This photograph, taken in April 1945, near the end of the war in Europe, shows an African-American soldier of the 12th armored division with a group of German prisoners. The 12th armored division took part in heavy fighting during the invasion of Germany in late 1944 and early 1945. The heavy losses suffered was one reason why the division commander was willing to take African-American volunteers into frontline combat roles, making the 12th armored division one of the few to include both white and black units. This photography was widely distributed in the African-American press, and the fact that it showed a black man in a position of authority over white soldiers–even though they were the enemy–provoked fears within the War Department. Many worried that such images and the experiences they represented could unsettle segregation back in the U.S. when the war ended and the black soldiers returned.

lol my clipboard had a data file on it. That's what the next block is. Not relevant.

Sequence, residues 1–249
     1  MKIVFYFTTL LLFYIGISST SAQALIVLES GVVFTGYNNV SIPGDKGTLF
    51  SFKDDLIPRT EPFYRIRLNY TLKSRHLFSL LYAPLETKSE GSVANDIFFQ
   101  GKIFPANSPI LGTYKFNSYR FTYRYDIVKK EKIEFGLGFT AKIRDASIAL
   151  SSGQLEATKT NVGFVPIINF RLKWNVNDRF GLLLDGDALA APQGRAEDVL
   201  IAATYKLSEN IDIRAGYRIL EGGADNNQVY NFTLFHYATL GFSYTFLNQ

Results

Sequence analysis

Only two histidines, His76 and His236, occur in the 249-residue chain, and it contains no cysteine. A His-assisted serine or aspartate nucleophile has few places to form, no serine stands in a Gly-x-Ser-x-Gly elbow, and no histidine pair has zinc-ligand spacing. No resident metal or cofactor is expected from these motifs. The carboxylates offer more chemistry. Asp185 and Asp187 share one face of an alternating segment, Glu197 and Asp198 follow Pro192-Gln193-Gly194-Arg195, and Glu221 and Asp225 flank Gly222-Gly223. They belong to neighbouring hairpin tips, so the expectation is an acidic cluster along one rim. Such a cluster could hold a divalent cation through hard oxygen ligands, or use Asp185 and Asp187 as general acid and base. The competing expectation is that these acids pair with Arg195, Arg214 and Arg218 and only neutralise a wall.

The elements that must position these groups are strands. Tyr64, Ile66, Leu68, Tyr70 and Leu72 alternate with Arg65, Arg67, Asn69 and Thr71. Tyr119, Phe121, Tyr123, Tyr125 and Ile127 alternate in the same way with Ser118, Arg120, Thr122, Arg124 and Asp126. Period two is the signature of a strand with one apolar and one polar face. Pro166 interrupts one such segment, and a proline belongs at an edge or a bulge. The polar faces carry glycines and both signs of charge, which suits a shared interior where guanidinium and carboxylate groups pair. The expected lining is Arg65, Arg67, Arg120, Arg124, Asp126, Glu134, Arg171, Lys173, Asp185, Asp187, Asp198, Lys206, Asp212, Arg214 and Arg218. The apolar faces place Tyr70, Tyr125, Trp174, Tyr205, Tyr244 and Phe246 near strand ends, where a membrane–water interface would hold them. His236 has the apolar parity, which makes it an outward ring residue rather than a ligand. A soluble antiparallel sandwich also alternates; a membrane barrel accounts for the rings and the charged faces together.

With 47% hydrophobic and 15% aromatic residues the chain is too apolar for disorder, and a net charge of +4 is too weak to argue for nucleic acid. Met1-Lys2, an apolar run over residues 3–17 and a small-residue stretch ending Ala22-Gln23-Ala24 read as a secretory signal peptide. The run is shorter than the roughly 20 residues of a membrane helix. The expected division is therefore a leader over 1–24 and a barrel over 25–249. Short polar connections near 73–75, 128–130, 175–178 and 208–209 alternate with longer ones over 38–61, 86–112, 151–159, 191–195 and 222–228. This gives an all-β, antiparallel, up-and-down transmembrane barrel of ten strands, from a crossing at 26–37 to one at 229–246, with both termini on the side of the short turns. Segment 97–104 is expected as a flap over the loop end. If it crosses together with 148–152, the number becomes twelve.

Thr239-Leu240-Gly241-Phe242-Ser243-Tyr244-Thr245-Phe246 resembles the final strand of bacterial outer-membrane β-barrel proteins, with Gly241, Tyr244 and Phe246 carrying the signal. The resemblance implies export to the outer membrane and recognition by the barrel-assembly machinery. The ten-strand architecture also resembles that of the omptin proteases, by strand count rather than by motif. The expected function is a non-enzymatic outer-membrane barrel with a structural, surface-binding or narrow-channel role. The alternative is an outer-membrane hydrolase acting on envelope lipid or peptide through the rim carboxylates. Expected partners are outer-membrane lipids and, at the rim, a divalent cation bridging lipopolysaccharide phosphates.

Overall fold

Source: Record Group 208, National Archives, Washington, D.C., 208-NP-6QQQ(1).
An African American stands guard over German prisoners (1945) by Jeff Bowersox is licensed under a Creative Commons Attribution-ShareAlike 4.0 International License.
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